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Dere Mable

Edward Streeter

Book Overview: 

Bill is in training camp, preparing to go off to World War I. This book is a collection of love letters written to his sweetheart, Mable. The letters are humorous, mis-spelled, and have many stories of life in an army camp – all from Bill’s unique perspective.

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Book Excerpt: 
. . .Before you can get settled comfortable they make you get down again. It looks like they didnt know just what they did want you to do.

I dont like the Sargent. I dont like any sargent but this one particular. The first day out be kept sayin "Prepare to mount" and then "Mount." Finally I went up to him and told him that as far as I was concerned he could cut that stuff for I was always prepared to do what I was told even though it was the middle of the night. He said, Fine, then I was probably prepared to scrub pans all day Sunday.

I dont care much for horses. I think they feels the same way about me. Most of them are so big that the only thing there good for is the view of the camp you get when you climb up. They are what they call hors de combat in French. My horse died the other day. I guess it wasnt much effort for him. If it had been he wouldnt have done it.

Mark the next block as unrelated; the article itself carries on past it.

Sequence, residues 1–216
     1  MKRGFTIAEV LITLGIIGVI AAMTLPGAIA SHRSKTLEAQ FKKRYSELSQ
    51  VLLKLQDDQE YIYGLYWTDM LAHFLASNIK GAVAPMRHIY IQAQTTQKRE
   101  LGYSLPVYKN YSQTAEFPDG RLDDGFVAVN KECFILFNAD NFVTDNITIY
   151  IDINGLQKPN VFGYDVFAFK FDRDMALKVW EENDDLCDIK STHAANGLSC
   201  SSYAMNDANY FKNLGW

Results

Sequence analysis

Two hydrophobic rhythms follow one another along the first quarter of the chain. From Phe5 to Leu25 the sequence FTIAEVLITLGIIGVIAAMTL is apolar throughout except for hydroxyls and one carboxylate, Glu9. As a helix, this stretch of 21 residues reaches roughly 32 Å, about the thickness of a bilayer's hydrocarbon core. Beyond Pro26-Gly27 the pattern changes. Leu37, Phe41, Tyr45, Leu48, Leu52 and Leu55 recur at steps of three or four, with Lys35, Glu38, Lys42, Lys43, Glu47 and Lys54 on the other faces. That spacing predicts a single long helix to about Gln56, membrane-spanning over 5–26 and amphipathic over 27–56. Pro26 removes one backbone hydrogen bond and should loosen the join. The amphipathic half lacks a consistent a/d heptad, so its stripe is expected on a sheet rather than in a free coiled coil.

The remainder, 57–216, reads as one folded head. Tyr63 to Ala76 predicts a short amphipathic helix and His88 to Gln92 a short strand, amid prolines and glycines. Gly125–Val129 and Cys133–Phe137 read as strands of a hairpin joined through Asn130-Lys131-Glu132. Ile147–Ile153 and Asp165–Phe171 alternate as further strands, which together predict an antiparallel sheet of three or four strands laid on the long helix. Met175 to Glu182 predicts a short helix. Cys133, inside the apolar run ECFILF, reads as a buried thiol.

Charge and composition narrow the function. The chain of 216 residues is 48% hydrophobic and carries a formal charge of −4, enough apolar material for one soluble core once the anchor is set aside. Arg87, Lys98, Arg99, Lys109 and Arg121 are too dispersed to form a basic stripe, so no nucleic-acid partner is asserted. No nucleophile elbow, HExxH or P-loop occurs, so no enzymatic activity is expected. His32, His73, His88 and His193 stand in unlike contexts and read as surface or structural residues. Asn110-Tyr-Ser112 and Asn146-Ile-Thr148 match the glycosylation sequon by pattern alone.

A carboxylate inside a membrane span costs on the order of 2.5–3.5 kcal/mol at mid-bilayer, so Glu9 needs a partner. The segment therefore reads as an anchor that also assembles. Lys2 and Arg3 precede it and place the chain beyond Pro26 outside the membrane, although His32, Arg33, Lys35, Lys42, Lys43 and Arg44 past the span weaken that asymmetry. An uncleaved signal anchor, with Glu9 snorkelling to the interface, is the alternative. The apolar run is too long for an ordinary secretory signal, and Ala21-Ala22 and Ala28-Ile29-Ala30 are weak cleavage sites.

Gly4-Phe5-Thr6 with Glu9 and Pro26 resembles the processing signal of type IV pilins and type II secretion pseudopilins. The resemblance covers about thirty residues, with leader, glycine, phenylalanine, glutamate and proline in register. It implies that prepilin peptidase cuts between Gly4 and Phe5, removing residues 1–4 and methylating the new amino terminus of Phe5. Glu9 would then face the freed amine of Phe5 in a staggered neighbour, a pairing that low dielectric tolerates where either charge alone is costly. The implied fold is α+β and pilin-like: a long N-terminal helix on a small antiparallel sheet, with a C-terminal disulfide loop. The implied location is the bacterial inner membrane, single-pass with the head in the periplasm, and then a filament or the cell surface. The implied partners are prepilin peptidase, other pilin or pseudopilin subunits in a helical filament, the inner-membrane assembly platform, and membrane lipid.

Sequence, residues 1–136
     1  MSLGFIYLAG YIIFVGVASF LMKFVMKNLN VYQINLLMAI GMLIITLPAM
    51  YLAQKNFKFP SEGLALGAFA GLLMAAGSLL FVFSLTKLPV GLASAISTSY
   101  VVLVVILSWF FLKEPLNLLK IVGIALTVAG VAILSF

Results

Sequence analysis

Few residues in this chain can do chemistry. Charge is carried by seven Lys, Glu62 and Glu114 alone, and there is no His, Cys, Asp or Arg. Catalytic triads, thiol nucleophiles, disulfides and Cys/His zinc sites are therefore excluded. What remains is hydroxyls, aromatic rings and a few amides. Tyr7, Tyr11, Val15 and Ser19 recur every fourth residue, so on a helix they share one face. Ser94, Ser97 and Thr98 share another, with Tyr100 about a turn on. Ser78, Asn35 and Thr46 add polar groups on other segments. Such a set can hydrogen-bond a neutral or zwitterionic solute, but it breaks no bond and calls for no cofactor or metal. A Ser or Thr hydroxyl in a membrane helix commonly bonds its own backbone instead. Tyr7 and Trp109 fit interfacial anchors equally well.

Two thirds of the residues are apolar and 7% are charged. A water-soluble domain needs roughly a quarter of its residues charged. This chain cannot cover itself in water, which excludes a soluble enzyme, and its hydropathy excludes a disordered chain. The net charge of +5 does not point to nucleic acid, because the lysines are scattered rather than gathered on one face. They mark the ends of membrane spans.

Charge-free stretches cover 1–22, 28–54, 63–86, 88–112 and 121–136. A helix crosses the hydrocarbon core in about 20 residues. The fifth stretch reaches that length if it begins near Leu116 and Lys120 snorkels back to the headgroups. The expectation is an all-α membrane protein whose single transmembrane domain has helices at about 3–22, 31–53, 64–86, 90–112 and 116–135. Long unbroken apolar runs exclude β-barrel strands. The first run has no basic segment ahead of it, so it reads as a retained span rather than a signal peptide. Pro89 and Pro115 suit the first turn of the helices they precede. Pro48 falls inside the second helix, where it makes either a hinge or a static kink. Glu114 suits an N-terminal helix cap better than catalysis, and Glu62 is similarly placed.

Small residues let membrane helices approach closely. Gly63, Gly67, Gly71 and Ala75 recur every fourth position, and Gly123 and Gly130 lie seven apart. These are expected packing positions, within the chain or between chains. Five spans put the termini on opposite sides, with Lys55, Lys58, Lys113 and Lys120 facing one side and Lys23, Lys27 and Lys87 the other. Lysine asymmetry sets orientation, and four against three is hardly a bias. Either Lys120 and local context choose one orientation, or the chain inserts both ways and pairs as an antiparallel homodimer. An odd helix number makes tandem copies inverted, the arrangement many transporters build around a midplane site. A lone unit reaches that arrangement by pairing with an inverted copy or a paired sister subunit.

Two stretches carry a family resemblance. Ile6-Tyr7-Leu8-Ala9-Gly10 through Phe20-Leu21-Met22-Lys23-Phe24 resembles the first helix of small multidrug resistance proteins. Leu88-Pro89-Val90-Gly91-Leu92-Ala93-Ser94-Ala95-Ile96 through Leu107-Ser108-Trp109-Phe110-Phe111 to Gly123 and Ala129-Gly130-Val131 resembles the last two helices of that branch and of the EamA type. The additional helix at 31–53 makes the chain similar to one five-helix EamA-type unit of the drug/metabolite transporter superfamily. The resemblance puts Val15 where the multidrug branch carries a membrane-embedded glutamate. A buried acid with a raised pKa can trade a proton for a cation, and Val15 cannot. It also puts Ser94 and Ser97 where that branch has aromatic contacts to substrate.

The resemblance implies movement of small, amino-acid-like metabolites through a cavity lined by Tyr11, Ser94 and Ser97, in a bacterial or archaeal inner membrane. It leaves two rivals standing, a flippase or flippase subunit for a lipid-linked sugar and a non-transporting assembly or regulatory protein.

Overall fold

They got a book they call Drill Regulations Field and Light. Thats about as censible as . . . Read More

Community Reviews

I recently read
The Haunted Bookshop
, and in it many titles were referenced—among them, Dere Mable, as the popular book du jour in 1919. Recalling that I had said book from my parents’ collection, I scurried up my step ladder and pulled down the 1918 tome, cleaned the dust off, and opened it.


Bill would have liked text-speak, since it is spelled much the same as his letters. A mildly amusing inside look at life in the training camp for a less-than-stellar soldier.

Letters from semi-literate soldier Bill to his girl back home, full of delusional boasting ("I been made an officer," he writes when he's promoted--briefly--to corporal), digs at Mable's family ("They have been learnin us a lot about gas attacks. These are not the kind your father has"), and French

Dere Mable: Love Letters of a Rookie by E. Streeter and illustrated by Bill Breck, published in 1918, was a book I inherited from my Aunt Mable, who died before I was born. Since I have had it for many years, I decided to read it, and either keep or toss. I am still not certain which to do. It is fu

Quaint corn-pone humor from a simpler time. Comparable as an American (and apolitical) Good Soldier Svejk.